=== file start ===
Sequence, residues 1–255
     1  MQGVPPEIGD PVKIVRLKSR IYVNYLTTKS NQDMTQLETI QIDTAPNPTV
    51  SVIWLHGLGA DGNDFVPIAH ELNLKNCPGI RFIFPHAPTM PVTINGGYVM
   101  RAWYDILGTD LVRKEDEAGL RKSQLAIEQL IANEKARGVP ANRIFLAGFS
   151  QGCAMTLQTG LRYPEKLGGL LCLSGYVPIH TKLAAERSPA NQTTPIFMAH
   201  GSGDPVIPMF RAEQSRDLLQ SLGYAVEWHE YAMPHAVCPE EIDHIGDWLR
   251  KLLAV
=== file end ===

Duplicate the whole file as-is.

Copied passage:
Sequence, residues 1–255
     1  MQGVPPEIGD PVKIVRLKSR IYVNYLTTKS NQDMTQLETI QIDTAPNPTV
    51  SVIWLHGLGA DGNDFVPIAH ELNLKNCPGI RFIFPHAPTM PVTINGGYVM
   101  RAWYDILGTD LVRKEDEAGL RKSQLAIEQL IANEKARGVP ANRIFLAGFS
   151  QGCAMTLQTG LRYPEKLGGL LCLSGYVPIH TKLAAERSPA NQTTPIFMAH
   201  GSGDPVIPMF RAEQSRDLLQ SLGYAVEWHE YAMPHAVCPE EIDHIGDWLR
   251  KLLAV